The precocial chicks leave the nest within a day after hatching (Davidson 1992) and are raised by the adults from May through September, although some chicks fledge as early as mid-June and as late as September (Hand 2017a). Juveniles obtain immature plumage by 3 months (Taylor and van Perlo 1998). At approximately 1 year of age, they obtain breeding plumage and become sexually mature (Eddleman et al. 1994).

Bent, A.C. 1926. Life histories of North American marsh birds. Smithsonian Institution, United States National Museum, Bulletin 135. Reprint edition, 1963. Dover Publications: New York, New York.

Conway, C.J. 2009. Standardized North American marsh bird monitoring protocols. Version 2009-2. Wildlife Research Report #2009-02. U.S. Geological Survey. Arizona Cooperative Fish and Wildlife Research Unit, Tucson, Arizona. https://www.cals.arizona.edu/research/azfwru/NationalMarshBird/downloads/North%20American%20Marsh%20Bird%20Survey%20Protocol%20May%202009.pdf

Cornell University. 2019. Black rail. Accessed at  https://www.allaboutbirds.org/guide/Black_Rail on November 24, 2021.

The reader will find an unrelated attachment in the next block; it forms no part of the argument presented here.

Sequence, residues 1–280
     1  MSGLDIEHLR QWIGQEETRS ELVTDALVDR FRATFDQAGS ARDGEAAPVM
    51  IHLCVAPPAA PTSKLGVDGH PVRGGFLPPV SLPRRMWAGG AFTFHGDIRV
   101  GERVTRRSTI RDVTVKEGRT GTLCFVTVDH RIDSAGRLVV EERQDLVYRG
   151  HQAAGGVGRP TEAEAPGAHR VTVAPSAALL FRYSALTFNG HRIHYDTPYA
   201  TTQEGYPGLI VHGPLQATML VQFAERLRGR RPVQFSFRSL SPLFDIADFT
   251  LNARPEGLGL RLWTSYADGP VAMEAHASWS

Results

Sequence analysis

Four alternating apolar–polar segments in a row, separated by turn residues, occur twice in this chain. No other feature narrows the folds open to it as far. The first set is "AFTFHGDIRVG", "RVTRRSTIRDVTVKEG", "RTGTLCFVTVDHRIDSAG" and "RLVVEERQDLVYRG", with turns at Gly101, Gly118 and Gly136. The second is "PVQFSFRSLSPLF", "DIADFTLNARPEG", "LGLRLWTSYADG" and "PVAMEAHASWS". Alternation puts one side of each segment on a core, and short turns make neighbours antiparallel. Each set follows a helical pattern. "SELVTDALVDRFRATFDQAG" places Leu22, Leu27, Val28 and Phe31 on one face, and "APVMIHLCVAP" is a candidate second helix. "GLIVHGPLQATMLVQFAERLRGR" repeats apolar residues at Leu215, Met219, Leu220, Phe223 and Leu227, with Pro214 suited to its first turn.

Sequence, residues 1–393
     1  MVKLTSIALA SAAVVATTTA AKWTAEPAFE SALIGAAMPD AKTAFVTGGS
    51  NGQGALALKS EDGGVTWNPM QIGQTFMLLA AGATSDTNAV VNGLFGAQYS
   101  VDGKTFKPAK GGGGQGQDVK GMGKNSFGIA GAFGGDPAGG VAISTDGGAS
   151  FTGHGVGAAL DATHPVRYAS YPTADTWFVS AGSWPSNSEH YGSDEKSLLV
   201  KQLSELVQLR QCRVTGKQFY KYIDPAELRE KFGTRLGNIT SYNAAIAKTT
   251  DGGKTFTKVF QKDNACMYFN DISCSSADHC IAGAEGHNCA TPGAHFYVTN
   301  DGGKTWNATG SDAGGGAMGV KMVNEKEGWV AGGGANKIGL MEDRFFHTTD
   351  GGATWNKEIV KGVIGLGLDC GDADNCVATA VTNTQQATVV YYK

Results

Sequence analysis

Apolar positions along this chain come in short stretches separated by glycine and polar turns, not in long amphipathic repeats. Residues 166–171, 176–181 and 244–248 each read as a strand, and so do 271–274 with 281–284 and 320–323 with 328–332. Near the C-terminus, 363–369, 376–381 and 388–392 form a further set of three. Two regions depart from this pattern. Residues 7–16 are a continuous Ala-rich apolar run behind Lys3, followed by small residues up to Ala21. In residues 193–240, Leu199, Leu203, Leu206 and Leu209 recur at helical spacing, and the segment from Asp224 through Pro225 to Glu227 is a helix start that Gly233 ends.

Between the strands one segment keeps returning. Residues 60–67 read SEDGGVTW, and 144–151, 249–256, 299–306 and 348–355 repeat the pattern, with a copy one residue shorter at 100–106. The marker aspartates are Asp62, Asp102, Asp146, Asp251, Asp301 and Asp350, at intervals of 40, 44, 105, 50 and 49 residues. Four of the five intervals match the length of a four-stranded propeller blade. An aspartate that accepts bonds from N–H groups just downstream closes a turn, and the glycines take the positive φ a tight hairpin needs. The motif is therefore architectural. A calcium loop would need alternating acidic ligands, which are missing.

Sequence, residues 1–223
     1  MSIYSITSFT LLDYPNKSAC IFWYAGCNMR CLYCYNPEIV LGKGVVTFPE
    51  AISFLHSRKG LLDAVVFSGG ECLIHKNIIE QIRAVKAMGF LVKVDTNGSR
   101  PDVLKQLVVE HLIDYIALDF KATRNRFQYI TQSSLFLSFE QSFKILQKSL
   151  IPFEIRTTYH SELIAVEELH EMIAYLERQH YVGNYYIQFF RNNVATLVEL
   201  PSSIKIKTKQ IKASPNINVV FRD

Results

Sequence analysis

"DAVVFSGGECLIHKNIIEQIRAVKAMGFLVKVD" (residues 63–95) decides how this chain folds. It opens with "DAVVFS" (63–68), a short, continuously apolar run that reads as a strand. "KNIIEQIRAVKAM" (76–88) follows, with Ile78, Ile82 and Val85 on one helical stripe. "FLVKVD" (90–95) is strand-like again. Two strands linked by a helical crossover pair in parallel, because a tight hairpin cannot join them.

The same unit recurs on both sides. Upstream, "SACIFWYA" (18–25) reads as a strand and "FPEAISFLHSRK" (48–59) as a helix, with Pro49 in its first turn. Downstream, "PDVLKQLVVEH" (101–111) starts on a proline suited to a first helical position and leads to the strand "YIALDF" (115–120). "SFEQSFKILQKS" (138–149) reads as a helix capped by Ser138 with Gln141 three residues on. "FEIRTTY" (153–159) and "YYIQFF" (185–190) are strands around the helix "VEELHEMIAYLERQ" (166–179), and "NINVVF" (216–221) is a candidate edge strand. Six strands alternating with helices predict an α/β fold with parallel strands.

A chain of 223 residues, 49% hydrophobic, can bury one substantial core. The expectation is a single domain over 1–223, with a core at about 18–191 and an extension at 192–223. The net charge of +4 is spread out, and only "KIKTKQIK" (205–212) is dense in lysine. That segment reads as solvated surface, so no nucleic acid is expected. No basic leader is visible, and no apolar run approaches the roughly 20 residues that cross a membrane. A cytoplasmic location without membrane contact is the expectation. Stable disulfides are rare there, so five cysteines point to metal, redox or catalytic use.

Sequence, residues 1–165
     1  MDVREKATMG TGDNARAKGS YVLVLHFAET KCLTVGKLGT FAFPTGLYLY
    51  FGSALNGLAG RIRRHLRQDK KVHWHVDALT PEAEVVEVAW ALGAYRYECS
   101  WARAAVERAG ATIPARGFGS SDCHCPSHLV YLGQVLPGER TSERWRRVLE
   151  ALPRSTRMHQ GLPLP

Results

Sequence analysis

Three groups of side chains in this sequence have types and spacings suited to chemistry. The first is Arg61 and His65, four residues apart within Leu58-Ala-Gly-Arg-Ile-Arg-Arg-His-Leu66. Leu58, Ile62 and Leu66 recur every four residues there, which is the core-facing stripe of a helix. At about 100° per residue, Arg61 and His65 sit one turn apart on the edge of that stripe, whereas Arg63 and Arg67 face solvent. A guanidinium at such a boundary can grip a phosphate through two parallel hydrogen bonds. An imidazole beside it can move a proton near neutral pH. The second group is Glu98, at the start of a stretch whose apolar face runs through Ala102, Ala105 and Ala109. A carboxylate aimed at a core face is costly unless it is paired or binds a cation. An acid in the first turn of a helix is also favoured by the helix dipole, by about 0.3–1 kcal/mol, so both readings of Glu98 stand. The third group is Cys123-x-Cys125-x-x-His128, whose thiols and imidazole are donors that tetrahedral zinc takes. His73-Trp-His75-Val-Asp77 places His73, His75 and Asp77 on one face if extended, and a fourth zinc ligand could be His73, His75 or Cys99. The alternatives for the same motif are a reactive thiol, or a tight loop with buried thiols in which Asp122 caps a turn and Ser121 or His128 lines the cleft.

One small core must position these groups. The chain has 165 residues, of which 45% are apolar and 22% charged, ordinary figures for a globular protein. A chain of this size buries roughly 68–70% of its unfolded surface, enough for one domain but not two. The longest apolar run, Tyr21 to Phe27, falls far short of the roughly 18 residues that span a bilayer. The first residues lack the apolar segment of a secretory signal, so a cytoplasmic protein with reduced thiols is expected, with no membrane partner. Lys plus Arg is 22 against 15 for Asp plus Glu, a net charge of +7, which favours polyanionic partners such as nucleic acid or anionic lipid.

Davidson, L. M. 1992. Black Rail, Laterallus jamaicensis. Pages 119-134 In Migratory nongame birds of management concern in the Northeast. K. J. Schneider and D. M. Pence (Eds.) Newton Corner, Massachusetts: U.S. Fish and Wildlife Service.

Eddleman, W.R., R.E. Flores, and M. Legare. 1994. Black Rail (Laterallus jamaicensis), version 2.0. In The Birds of North America (A. F. Poole and F. B. Gill, Editors). Cornell Lab of Ornithology, Ithaca, NY, USA. https://doi.org/10.2173/bna.123 Accessed at https://birdsoftheworld.org/bow/historic/bna/blkrai/2.0/introduction on October 16, 2020.

Flores, R.E. and W.R. Eddleman. 1993. Nesting biology of the California black rail in southwestern Arizona. Western Birds 24: 81-88.